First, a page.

I sat there enraged but also immediately felt in danger. This person had taken a safe space and immediately filled it with all the things those of us inside it were trying to rid ourselves of; judgement, shame, anger etc. The moderator basically fumbled with her reply, almost too quiet to even hear it, and was fairly dismissing with his behavior, using a lot of “I’m so sorry you feel that way” type replies. Another person in the circle was bold and started talking, saying that her tears were not ridiculous or unwarranted. Honestly I stopped listening at that moment because I was watching his face, become more and more enraged as she talked. He was preparing his rebuttal. And I didn’t want to hear it, I was convinced he was going to get violent. I raised my hand, interrupting the woman saying – “I am so sorry, I have to duck out early, I have another appointment” I thanked them all for their time, and practically ran out of the building. I sat in my car, shaking with fear and anger. WHAT was that? HOW did that happen? More importantly, WHY did that happen.

I spent the next week, mulling it over and spoke to a friend who worked in the industry and had mutual friends who worked at the place the meeting was held. She was appalled and promised to do some research for me. Turns out, this man, they believe was someone who had been calling into a local helpline, berating and harassing the volunteer support line workers to know end. He was allowed in the building. He wasn’t forced to check in with anyone, or record his email. He didn’t have to talk to anyone before entering the safe space. Furthermore I learned, that shortly after I left, he made a scene and had to be removed from the building.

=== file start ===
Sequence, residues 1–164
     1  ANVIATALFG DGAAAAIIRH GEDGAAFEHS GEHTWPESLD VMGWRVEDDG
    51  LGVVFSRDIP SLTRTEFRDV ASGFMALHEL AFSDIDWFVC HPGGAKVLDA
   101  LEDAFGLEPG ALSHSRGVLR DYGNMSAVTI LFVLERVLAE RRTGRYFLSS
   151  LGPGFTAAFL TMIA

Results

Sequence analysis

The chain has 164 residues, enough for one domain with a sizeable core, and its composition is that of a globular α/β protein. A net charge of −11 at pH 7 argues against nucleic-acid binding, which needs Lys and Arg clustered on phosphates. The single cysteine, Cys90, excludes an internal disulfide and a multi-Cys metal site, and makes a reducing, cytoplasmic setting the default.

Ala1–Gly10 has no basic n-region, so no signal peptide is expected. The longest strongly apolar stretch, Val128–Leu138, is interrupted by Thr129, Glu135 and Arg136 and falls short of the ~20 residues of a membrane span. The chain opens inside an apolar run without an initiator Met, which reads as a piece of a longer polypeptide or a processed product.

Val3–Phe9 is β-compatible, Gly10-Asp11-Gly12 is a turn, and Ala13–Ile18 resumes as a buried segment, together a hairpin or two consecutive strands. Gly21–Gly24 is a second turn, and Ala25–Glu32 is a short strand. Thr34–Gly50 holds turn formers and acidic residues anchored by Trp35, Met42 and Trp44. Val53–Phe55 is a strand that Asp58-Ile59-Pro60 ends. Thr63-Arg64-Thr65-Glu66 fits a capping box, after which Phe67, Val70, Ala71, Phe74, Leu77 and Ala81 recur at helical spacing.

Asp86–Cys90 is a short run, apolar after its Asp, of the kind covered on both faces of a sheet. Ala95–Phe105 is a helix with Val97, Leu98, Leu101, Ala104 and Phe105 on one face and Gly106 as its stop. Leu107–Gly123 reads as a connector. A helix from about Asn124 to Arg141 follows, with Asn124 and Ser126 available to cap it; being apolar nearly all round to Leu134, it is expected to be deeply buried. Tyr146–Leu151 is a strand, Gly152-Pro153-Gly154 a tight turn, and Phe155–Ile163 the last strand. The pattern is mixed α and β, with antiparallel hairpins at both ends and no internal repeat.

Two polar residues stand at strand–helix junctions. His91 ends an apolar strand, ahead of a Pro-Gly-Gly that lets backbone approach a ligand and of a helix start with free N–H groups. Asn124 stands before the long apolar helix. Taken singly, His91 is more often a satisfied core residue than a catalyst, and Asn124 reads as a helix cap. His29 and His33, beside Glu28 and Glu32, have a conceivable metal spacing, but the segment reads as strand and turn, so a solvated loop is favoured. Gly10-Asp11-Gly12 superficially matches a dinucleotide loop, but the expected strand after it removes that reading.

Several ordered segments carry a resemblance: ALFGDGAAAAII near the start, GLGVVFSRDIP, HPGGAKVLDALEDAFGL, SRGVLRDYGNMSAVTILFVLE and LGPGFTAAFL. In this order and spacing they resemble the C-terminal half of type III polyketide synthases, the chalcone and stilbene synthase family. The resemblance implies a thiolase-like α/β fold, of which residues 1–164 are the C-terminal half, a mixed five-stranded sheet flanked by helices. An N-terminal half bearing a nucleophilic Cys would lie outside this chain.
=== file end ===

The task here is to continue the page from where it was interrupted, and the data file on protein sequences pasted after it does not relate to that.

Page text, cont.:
Why aren’t people getting the help they need when these types of traumatic events happen to them. The people in this group no doubt were shaken by this event. But even more – Scott – this poor hurting human, his rage was out of control, all from his immense and painful grief. Those of us who know grief and its many masks, know this stage all too well. Why is there not help for him, family members reaching out, policies in place to make people feel safe from situations like this.

Then I realized, we all had the same experience. Why are we sticking all the people who have attempted in a room together, and all the people who have lost in a different room, and then giving separate classes to the first responders? There is something in a cross narrative that is tangible for me. Something we aren’t touching on to help each other. Our shared experiences help us feel less alone, and validated, but with suicide comes a very serious type of processing – tunnel vision. It’s hard to see past your grief because it’s so traumatic, likened to that of your body being in an airplane crash. So sometimes we need to be taken out of that line of sight, by hearing and seeing something that can possibly provide answers or insight to our own trauma: the other side of the coin. Family members who have lost sharing their pain with people who have attempted. First responders sharing their stories with people who have attempted, and so on, learning from each others specific kind of pain.